Napier-based industrial authority reminds sector that machinery is UK’s biggest import category
Ken Evans of Tekam NZ Ltd urges trade officials to “open their eyes,” to the enhanced export prospects in Great Britain for industrial food processing machinery.
Tekam of Napier is the predominant engineering specialist in meat and fish processing heavy duty machinery.
New Zealand as an internationally ranked food process machinery design and development nation is in a position to reclaim this market he said, noting that machinery already ranked as New Zealand’s eighth most significant export.
Supplying the UK with heavy food processing technology was now much easier with the evaporation of much what is still known as the “tyranny of distance,” he said.
The freight cost of shipping to the UK from Napier was now comparable to shipping to the South Island, Mr Evans (pictured) declared.
Machinery remains the United Kingdom’ s No 1. Import category he added, 12 percent of its total imports.
In regard to the UK market New Zealand was “in so many ways in an improved position” now than in the pre-EU era of Imperial and Commonwealth Preference.
Mr Evans has been responsible for some of New Zealand’s major meat processing systems and he has been a leading exponent of the refurbishment of many installations during the sector’s re-configuration in recent years.
“Meat processing machinery is upwardly and downwardly compatible and equipment can be re-purposed and transferred from one district to anothe, or even from one country to another --it is never scrapped.”
Mr Evans cautioned trade administrators to face up the “reality” as he described the situation of the sought-after markets in Asia and the Middle East, a market for meat processing systems that had become a “mirage.”
The Middle East North Africa market he said was tied into the export of live sheep.
“Well intentioned and lavishly taxpayer-funded model meat process installations have failed to dissolve the linkage between live shipments and specialist technology processing hardware of the type that is paid for,” said Mr Evans, adding, “we must now be realistic and accept this linkage, and the way in which it blocks our technology exports, however great the benefit of this technology and its cost-effectiveness to the region.”
Mr Evans, a participant in meat processing equipment trade missions to the Middle East, noted that the reality of the consequences of the live sheep export ban now had to be recognised, however “painfully.”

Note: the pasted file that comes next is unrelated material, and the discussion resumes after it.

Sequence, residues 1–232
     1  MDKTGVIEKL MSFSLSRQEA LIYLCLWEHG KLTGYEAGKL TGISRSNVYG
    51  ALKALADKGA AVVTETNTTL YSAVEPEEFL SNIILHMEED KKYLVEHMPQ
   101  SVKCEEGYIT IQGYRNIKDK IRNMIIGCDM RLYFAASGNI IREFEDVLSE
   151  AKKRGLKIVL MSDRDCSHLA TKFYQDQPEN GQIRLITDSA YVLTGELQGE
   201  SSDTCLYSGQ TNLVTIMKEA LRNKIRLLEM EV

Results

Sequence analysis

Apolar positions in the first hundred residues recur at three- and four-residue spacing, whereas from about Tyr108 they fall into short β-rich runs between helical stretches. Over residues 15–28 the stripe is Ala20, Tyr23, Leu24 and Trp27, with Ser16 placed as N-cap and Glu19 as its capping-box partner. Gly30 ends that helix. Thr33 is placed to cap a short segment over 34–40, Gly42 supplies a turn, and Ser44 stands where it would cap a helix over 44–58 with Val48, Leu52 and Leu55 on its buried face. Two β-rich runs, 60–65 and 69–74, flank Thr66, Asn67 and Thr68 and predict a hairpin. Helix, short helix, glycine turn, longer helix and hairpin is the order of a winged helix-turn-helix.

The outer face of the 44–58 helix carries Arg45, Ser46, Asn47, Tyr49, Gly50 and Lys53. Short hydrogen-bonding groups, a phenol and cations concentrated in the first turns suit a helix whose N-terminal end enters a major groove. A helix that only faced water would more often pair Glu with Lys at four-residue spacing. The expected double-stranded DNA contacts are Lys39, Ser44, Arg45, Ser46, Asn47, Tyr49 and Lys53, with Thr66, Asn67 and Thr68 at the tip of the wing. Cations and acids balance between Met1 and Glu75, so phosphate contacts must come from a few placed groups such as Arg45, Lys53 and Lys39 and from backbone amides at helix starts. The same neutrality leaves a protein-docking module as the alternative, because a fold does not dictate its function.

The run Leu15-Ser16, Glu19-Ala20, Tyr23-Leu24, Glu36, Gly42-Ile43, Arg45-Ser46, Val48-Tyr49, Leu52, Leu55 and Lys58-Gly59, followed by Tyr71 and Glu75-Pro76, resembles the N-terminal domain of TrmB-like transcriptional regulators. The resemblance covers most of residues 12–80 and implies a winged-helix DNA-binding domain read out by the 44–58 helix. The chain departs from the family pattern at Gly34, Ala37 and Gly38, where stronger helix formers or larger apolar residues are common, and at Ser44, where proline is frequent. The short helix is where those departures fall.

Similarly he urged trade administrators to accept other problems in exporting industrial equipment to the Asia region.
In Asia engineering food technology exports from New Zealand had been characterised by the need to supply test equipment which was promptly copied.
Mr Evans has previously drawn attention to another problem in these regions which is the little talked-about practice of prospective buyers imposing bidding and tender fees that turn out to be non-refundable.
Membership of the EU had led to Great Britain’s own meat processing equipment industry fading away as Britain became a service economy and continental European manufacturers took over.
Mr Evans has consistently warned of New Zealand “drifting” into becoming a service economy itself.
Instead the requirement was to grasp the new opportunities presented by Brexit, and indirectly by the United States which had promised substantial trade opportunities to a post-Brexit United Kingdom.
He cited a string of New Zealand agri engineering innovations including soil-heave freezer insulation, through to electric fences and halal-compatible process chains to reinforce his message.
There has been in industrial machinery terms an exclusive focus on emerging markets, a fixation which in the event has failed to emerge through eco-politics, and investment recovery – “getting paid,” as he put it.
“We are now faced by a re-emerging market, a recurring one, in the form of the UK,” he said.
He cited New Zealand’s reorganisation of its meat processing, notably in rendering, as an obvious attraction for densely populated countries as Great Britain.
“The industry’s transformation in recent times has meant that most people do not even know where the meat processing works are located, they are so unobtrusive.”
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